Cardiometabolic risk factors tend to cluster with the dominant feature being abdominal obesity (easily measured by waist circumference).(2,3) Studies show that people with a cluster of cardiometabolic risk factors known as the metabolic syndrome have an elevated global cardiometabolic risk, i.e. more than double the risk of developing atherosclerotic cardiovascular disease events and nearly a five-fold risk of developing type 2 diabetes, compared to those without any cardiometabolic risk factors..(7,8). Emerging cardiometabolic risk factors, such as low levels of good cholesterol (HDL - Cholesterol) and high levels of triglycerides in the blood, are frequently found among people with abdominal obesity, especially those with excessive intra-abdominal adiposity.(9)

Emerging risk factors, such as low HDL-cholesterol and elevated triglycerides, are frequently found among people with abdominal obesity, especially those with excessive intra-abdominal adiposity.(10) Recently, research has identified the endocannabinoid system (ECS), a network of receptors throughout the body that tends to be overactive in individuals who struggle with weight and weight-related health risks. This over-activity contributes to high blood glucose, an unhealthy lipid profile and the storage of fat as excess weight and midsection weight. (11,12,13,14)

Change My Risk for a Healthy Heart

The Shape of the Nations 2007 Survey findings demonstrate a clear need for education among both patients and physicians to better understand cardiometabolic risk factors. It is particularly important that people with abdominal obesity who are at risk of type 2 diabetes or heart disease have regular 5-point healthy heart check for waist circumference, blood sugar, good and bad cholesterol, blood fat and blood pressure so that their doctor can follow-up all their cardiometabolic risk factors and take action to reduce global cardiometabolic risk and change their risk.

Notes to the Editor

Survey Methodology

The Shape of the Nations 2007 survey, funded by sanofi-aventis and endorsed by the World Heart Federation, was carried out with the main aim of assessing awareness, understanding and behaviours with respect to cardiometabolic risk factors. The survey involved 11,183 participants in 28 countries and was conducted via telephone or in-person interviews among three target audiences:

- General population (approximately 200 participants per country except US = 400, Malaysia =150), total of 5,796 interviews

- At-risk population identified as being at-risk for heart disease due to being overweight or obese (approximately 80 per country except US = 400, Malaysia = 60), total of 2,556 interviews

- Primary care physicians (approximately 100 participants per country except Canada = 130, Malaysia = 70), total of 2,831 interviews

The countries surveyed were: 1. Australia 11. Greece 21. South Korea 2. Austria 12. Hungary 22. Spain 3. Belgium 13. Ireland 23. Sweden 4. Brazil 14. Italy 24. Switzerland 5. Canada 15. Malaysia 25. Taiwan 6. Czech Republic 16. Mexico 26. Turkey 7. Denmark 17. Norway 27. United Kingdom 8. Finland 18. Portugal 28. United States 9. France 19. Russia 10. Germany 20. South Africa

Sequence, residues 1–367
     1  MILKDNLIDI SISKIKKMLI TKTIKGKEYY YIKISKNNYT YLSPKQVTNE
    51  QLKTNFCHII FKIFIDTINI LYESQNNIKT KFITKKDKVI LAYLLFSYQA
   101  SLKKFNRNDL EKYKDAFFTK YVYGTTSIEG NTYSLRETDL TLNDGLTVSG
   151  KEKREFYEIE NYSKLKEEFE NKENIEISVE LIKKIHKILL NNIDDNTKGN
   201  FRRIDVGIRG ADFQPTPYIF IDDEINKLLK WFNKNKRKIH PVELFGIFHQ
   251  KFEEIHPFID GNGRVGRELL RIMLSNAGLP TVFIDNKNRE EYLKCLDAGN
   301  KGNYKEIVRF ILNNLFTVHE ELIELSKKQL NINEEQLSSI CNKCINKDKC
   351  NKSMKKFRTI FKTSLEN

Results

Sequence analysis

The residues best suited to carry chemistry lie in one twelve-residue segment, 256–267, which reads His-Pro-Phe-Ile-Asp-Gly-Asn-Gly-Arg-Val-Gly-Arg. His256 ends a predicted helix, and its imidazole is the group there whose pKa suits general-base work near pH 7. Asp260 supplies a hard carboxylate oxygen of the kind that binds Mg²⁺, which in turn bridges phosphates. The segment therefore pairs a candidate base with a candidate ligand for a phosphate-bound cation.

About sanofi-aventis

Sanofi-aventis is one of the world leaders in the pharmaceutical industry, ranking number one in Europe. Backed by a world-class R&D organisation, sanofi-aventis is developing leading positions in seven major therapeutic areas: cardiovascular, thrombosis, oncology, metabolic diseases, central nervous system, internal medicine and vaccines. Sanofi-aventis is listed in Paris (EURONEXT: SAN) and in New York (NYSE: SNY).

About the World Heart Federation

The World Heart Federation, a non-governmental organization based in Geneva, Switzerland, is committed to helping the global population achieve a longer and better life through prevention and control of heart disease and stroke, with a particular focus on low and middle-income countries. It is comprised of 195 member societies of cardiology and heart foundations from 100 countries covering the regions of Asia-Pacific, Europe, the Americas and Africa. For further information visit: http://www.worldheart.org

References

(1) Shape of the Nations Survey, 2007. Conducted by IFOP North America. Data on file sanofi-aventis

(2) Vasudevan AR, Ballantyne CM. Cardiometabolic risk assessment; an approach to the prevention of cardiovascular disease and diabetes mellitus. Clin Cornerstone 2005; 7:7-16.

(3) Université Laval. Establishment of a Chair on Cardiometabolic Risk. (press release on the Internet) Ontario, C2006. (last accessed 6th July 2006) Available from: http://www.scom.ulaval.ca/communiqués.de.presse/2006/mars/Chair_Cardiometabol ic_Risk.htm.

(4) World Health Organization. Cardiovascular Disease - Prevention and Control. (fact sheet on the Internet) Geneva: 2007. (last accessed 21st April 2007). Available from: http://www.who.int/dietphysicalactivity/publications/facts/cvd/en/

(5) International Diabetes Federation. Diabetes e-atlas 3rd Edition. (Publication on the Internet). Brussels; 2006 (cited 29th March 2007) Available at: http://www.eatlas.idf.org/webdata/docs/At%20a%20glance_lg.jpg

(6) International Diabetes Federation. Diabetes e-atlas 3rd Edition. (Publication on the Internet). Brussels; 2006 (cited 21st April March 2007) Available at: http://www.idf.org/home/index.cfm?unode=3B96906B-C026-2FD3-87B73F80BC22682A

(7) Malik S, Wong ND, Franklin SS, Kamath TV, L'Italien GJ; Pio JR et al. Impact of the metabolic syndrome on mortality from coronary heart disease, cardiovascular disease, and all causes in United States adults. Circulation 2004; 110:1245-50.

(8) Wilson PW, D'Agostino RB, Parise H, Sullivan L, Meigs JB. Metabolic Syndrome as a Precursor of Cardiovascular Disease and Type 2 Diabetes Mellitus. Circulation 2005; 112:3030-2.

(9) Wajchenberg, BL. Subcutaneous and visceral adipose tissue: Their relation to the metabolic syndrome. Endocr Rev 2000; 21:697-738.

(10) Sharma, A. M. Adipose tissue: a mediator of cardiovascular risk. International Journal of Obesity, 2002, 26, S5 - S7

(11) Di Marzo V, Matias I. Endocannabinoid control of food intake and energy balance. Nat Neurosci. 2005 8:585-9

(12) Osei-Hyiaman D, DePetrillo M, Pacher P, Liu J, Radaeva S, Batkai S, et al. Endocannabinoid action at hepatic CB1 receptors regulates fatty acid synthesis: role in diet-induced obesity. J Clin Invest. 2005;115:1298-1305.

(13) Catalano KJ, Bergman RN, Ader M. Increased susceptibility to insulin resistance associated with abdominal obesity in aging rats. Obesity Research. 2005; 13:11-20

(14) Pouliot MC, Després JP, Lemieux S, et al. Waist circumference and abdominal sagittal diameter: best simple anthropometric indexes of abdominal visceral adipose tissue accumulation and related cardiovascular risk in men and women. Am J Cardiol 1994;73:460-8

For more information, contact: Media contact: Wendy Gerber, MS&L PR, Tel: +44-20-7878-3259, E-mail: wendy.gerber@mslpr.com; World Heart Federation media contact: Clare Courtney, Cohn & Wolfe PR, Tel: +41-22-908-40 72, E-mail: clare_courtney@ch.cohnwolfe.com